ADEQ is currently subject to a FIP under the PSD program for GHGs because ADEQ has not adopted a PSD program for the regulation of GHGs. See 40 CFR 52.37. ADEQ's April 2017 NSR submittal is not intended to correct this program deficiency, as regulation of GHG emissions is currently prohibited under State law. See A.R.S. section 49-191. In our final action, we intend to move the codification of the FIP for GHGs for areas under the jurisdiction of ADEQ and certain other areas in Arizona from 40 CFR 52.37 to 40 CFR 52.144, where the State of Arizona's PSD program approval is listed. Previously, there were several other states subject to the FIP for GHGs, and EPA applied the FIP to all such states, collectively, at 40 CFR 52.37. See 75 FR 82246 on Dec. 30, 2010. However, the State of Arizona is the only area that remains subject to this GHG-specific FIP. Therefore, it is appropriate to move the FIP provision to the regulatory section where Arizona's PSD program is identified.

    In addition, if we finalize our action, we also intend to update 40 CFR 51.144 to clarify that ADEQ has an approved PSD program, except for GHGs, under sections 160 through 165 of the Act.

    F. The EPA's Recommendations To Further Improve the State's Rules

    The TSD describes additional rule revisions that we recommend that ADEQ make the next time ADEQ modifies the rules.

    G. Do the rules meet the evaluation criteria under Section 110(l) and 193 of the Clean Air Act?

    Section 110(l) states: “Each revision to an implementation plan submitted by a State under this chapter shall be adopted by such State after reasonable notice and public hearing. The Administrator shall not approve a revision of a plan if the revision would interfere with any applicable requirement concerning attainment and reasonable further progress (as defined in section 7501 of this title), or any other applicable requirement of this chapter.”

    With respect to the procedural requirements of CAA section 110(l), based on our review of the public process documentation included in ADEQ's April 2017 NSR submittal, we find that ADEQ has provided sufficient evidence of public notice and opportunity for comment and public hearings prior to adoption and submittal of these rules to the EPA. With respect to the substantive requirements of section 110(l), we have determined that our approval of the 2017 NSR submittal corrects numerous deficiencies in ADEQ's program and does not relax any existing requirements in the Arizona SIP.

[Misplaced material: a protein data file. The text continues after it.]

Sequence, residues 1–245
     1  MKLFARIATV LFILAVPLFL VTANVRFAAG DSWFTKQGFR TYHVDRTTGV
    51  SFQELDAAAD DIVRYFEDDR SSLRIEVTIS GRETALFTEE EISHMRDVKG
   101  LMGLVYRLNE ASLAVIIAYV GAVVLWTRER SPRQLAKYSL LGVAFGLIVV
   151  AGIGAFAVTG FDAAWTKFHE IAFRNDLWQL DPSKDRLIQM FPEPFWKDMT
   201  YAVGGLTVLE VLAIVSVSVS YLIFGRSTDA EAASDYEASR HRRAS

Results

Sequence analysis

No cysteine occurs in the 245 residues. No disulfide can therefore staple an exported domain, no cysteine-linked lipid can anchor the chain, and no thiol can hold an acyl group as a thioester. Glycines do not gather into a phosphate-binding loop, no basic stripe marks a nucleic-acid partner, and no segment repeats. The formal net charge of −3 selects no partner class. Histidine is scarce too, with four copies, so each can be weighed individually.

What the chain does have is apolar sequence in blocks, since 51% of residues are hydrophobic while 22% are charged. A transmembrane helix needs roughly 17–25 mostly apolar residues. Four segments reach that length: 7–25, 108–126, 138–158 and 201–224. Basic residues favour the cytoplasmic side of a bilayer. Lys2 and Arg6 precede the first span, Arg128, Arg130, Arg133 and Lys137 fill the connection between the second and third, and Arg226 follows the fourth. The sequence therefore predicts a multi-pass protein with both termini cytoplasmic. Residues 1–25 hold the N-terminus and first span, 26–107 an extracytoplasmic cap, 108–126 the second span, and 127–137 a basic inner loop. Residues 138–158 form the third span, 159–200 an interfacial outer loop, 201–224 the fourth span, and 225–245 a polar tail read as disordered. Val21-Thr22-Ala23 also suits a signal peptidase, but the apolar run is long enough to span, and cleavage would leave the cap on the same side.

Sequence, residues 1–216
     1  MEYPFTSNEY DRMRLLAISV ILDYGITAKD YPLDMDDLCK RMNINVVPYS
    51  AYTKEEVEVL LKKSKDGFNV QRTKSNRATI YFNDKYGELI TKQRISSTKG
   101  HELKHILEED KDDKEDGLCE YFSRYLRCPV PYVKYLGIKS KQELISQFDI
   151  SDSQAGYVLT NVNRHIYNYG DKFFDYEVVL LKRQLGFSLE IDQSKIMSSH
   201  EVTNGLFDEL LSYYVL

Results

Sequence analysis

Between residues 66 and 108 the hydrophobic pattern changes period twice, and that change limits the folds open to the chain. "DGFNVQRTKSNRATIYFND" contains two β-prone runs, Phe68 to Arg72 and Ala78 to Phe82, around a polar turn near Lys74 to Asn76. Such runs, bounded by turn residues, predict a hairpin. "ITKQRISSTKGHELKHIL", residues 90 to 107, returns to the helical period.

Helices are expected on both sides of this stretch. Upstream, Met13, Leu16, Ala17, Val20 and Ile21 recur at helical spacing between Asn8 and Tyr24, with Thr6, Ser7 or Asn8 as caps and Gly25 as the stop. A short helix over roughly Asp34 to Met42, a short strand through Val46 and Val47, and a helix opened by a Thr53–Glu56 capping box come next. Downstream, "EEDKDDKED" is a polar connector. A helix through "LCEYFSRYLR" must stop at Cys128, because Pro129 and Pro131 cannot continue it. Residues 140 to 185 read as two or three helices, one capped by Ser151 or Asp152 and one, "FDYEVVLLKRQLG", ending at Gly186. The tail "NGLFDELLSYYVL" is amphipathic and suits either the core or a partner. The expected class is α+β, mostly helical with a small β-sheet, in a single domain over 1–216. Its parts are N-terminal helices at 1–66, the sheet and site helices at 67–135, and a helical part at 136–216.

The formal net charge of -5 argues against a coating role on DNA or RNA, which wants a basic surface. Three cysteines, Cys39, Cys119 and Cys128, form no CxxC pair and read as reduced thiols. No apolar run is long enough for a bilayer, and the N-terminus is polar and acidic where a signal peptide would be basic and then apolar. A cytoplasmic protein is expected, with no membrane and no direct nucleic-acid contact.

For the reasons set forth above, we can approve the ADEQ SIP revision as proposed in this action under section 110(l) of the Act.

    Section 193 of the Act, which was added by the Clean Air Act Amendments of 1990, includes a savings clause that provides, in pertinent part: “No control requirement in effect, or required to be adopted by an order, settlement agreement, or plan in effect before November 15, 1990, in any area which is a nonattainment area for any air pollutant may be modified after November 15, 1990, in any manner unless the modification insures equivalent or greater emission reductions of such air pollutant.” We find that the provisions included in ADEQ's 2017 NSR submittal would ensure equivalent or greater emission reductions as compared to the current SIP-approved NSR program in the nonattainment areas under ADEQ's jurisdiction. In addition, this action does not modify any pre-1990 requirements. Although we are proposing to remove two pre-1990 rules from the SIP—R9-3-301(I) and (K)—Installation Permits: General and R9-3-304(H)—Installation Permits in Attainment Areas—we are also proposing to approve newer, updated requirements into the SIP that are at least as stringent.

    For the reasons set forth above, we can approve the submitted NSR program under section 193 of the Act.

    H. Conclusion

    For the reasons stated above, and as explained further in our TSD, we find that the rules in ADEQ's April 2017 NSR submittal satisfy the applicable CAA and regulatory requirements for PSD, and nonattainment NSR permit programs under CAA section 110(a)(2)(C) and parts C and D of title I of the Act, with the exception of one NA-NSR requirement relating to PM2.5 precursors that has already been identified as a disapproval issue in a previous action and which ADEQ intends to address in a later SIP submittal. The submitted NSR rules also adequately address certain deficiencies we identified in our 2015 NSR action concerning specific requirements in 40 CFR 51.161 and 51.164 that were evaluated as part of this action. Our proposed approval is also consistent with section 110(l) and 193 of the Act. Accordingly, we are proposing to approve all the rules in ADEQ's April 2017 NSR submittal into the Arizona SIP. In addition, we are also proposing to remove the existing SIP-approved rules listed in Table 2 from the SIP, as these rules are outdated and mostly being superseded by our proposed action.